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January 13, 2017
Top 6 PBL News Stories

by John Larmer
Editor in Chief

Jan. 9-13, 2017

Each Friday we post a list of articles, blog posts, and other resources we’ve run across that relate to Project Based Learning.

Here’s what we liked this week:

Shadow a Student Challenge
Shadowastudent.org
Visit this site to register and get materials to join over 2500 school leaders who will be following a student through their day, between Feb. 2-17, to learn what school is like from a student’s perspective. I’m guessing many leaders will find out how un-engaging and un-creative it is—and perhaps consider PBL as an antidote. (We’d LOVE to have guest blog posts about this; please submit it here.)

Superintendents: The lessons we learned in 2016
eSchoolNews
One of the superintendents here writes that she’s seen “a dramatic increase in student participation, quality learning, and real-world application” with PBL and a STEAM focus. A key lesson learned: pre-built curriculum resources help, but allow for flexibility when teaching the projects.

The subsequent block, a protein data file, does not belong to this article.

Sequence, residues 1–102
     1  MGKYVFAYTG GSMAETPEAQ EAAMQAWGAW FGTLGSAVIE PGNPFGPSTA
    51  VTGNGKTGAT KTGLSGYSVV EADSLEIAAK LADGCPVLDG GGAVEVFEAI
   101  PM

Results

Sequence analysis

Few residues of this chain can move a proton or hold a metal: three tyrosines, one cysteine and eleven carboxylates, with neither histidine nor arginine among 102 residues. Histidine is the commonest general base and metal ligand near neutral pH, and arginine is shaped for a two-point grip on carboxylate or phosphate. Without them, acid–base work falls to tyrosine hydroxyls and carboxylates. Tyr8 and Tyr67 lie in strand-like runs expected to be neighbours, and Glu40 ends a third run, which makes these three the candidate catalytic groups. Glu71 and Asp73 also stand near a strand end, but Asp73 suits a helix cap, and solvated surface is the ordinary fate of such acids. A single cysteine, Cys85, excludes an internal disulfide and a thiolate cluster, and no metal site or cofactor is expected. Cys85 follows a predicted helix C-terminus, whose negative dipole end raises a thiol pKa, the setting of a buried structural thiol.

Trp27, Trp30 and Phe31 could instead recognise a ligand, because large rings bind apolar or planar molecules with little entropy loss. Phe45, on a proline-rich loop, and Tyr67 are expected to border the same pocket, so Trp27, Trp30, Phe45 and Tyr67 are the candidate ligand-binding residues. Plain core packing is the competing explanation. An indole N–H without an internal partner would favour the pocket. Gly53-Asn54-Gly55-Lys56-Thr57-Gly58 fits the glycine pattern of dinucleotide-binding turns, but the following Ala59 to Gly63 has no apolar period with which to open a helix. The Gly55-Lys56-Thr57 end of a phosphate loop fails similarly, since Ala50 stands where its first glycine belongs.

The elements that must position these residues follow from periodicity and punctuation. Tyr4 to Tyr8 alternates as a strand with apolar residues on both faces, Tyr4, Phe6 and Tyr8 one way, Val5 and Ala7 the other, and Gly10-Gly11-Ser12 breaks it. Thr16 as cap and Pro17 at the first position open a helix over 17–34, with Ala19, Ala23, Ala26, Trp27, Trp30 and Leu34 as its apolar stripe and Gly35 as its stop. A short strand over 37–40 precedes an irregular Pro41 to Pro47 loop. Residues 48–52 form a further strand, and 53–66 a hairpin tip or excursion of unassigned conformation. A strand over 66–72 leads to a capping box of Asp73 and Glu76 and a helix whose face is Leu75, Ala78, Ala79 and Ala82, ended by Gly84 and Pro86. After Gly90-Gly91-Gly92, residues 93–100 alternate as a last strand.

Remaking the K12 Classroom
District Administration
How the superintendent of Albemarle County Public Schools in Virginia has infused principles from the maker movement into all of their schools, including PBL, student voice and choice, real-world/community problem-solving, and less emphasis on testing.

'Mom, You Don't Get It. They Only Do Stuff for the Grade.'
Education Week
This teacher’s post tells how she started an independent study course at a high school but found that students were lost when asked to choose their own research topic and work independently, because they were so used to teachers planning everything for them. (PBL to the rescue!)

4 Things All Project-Based Learning Teachers Should Do
TeachThought
Lauren Ayer offers very helpful advice: I especially like “help students develop questions” and “help students think like an expert.”

The Antidote to Extremism
Educational Leadership/ASCD
This article by Anthony Jackson of the Asia Society calls for teaching global competence because it “results in a cultural shift—one that encourages analysis and reflection, communication and action.” He gives several examples of projects that do just that.

 

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